This afternoon drive approximately 20kms from Chau Doc to Tra Su Forest and travel by sampan through endless waterways flanked by mangroves and lush greenery. This eco reserve spans 850 hectares and is an ecological haven for fauna and flora, with more than 100 species of water birds and colonies of bats. The best time to visit Tra Su is from September to November when the water is high, although it is accessible all year round. On the way to the forest you will visit a small village of ethnic Khmer, where you will learn about the importance of Buddhism in the community and have the opportunity to chat with monks at the local monastery.
Day 13: Chau Doc
The Mekong Delta is a land of winding waterways, lush paddy fields and floating markets where life is governed by the ebb and flow of Vietnam’s most iconic river. Today wake early and cruise aboard a small boat to Chau Doc’s famous floating market. Drawing traders and farmers from the surrounding countryside watch as fruits, vegetables and fish are bought and sold en mass. Continue past the floating fish farms on your way to a local Cham Village, where you will hear the story of one of Vietnam’s most fascinating peoples. After return to your boat and continue cruising towards the iconic Sam Mountain, passing along the fascinating Vinh Te Canal built from 1819 to 1823 by Emperors Gia Long and Minh Mang from the Nguyen Dynasty. Arrive at the banks of Sam Mountain and visit two of the iconic temples that draw pilgrims from miles around. Finish with lunch at the beautiful Nui Sam Lodge, with spectacular panoramic views of the countryside below.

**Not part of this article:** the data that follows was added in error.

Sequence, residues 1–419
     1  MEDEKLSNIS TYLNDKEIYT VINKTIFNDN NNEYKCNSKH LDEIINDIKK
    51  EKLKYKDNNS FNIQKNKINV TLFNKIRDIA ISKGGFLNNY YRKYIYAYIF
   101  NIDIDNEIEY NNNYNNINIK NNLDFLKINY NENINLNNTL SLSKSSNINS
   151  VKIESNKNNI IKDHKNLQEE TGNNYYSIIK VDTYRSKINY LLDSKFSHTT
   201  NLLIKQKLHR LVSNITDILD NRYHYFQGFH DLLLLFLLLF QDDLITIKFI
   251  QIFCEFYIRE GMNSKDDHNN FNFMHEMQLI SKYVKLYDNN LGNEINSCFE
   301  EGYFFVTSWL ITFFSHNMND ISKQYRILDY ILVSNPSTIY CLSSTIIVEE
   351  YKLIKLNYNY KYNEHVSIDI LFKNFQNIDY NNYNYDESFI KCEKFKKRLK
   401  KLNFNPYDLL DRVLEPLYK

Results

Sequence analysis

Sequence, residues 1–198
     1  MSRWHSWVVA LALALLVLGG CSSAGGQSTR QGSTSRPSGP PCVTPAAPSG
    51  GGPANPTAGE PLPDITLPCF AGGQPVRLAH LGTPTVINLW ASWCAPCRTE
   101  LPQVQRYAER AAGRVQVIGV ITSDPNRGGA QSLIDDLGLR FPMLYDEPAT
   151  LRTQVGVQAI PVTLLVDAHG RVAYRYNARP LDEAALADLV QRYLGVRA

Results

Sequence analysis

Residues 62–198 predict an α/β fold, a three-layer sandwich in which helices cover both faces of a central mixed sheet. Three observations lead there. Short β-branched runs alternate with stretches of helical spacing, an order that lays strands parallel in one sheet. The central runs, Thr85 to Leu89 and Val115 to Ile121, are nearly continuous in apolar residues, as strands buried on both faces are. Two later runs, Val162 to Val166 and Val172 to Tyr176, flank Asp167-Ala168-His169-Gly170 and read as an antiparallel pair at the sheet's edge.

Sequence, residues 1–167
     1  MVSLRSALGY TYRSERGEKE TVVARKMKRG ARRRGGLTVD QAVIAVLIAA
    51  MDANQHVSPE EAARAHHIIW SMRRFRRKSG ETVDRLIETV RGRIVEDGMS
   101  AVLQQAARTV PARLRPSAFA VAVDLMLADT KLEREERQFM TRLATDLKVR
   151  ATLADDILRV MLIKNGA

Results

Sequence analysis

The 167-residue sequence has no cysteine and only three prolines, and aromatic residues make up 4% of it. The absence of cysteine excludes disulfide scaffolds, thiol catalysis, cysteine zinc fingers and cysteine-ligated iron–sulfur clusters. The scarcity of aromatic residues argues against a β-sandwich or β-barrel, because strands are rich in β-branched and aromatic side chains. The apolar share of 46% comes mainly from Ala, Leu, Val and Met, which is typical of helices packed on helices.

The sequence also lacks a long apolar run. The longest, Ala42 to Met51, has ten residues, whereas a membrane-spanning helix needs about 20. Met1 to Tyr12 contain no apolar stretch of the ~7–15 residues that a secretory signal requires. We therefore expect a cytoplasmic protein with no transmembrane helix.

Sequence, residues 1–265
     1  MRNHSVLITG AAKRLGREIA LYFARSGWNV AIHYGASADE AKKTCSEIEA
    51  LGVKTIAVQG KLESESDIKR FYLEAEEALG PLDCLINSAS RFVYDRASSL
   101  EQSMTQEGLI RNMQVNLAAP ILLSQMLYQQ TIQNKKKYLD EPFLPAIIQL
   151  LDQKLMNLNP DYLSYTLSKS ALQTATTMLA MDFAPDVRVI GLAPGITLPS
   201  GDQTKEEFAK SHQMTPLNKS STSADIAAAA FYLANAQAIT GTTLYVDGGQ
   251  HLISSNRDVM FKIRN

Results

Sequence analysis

The lush green paddy fields of Chau Doc are the perfect place to escape modern life and discover the authentic Mekong Delta at its very best. Cycle out along quiet dirt tracks, through villages where life has changed little over the decades and through fields busy with busy farmers and water buffalo. Stop for a picnic breakfast and recharge over a glass of traditional ice tea or coffee before getting back on the saddle and continuing your journey. Stop along the way for a chat with locals and some of the best views Southern Vietnam has to offer. Return to your hotel and a well earned break! Overnight in Chau Doc.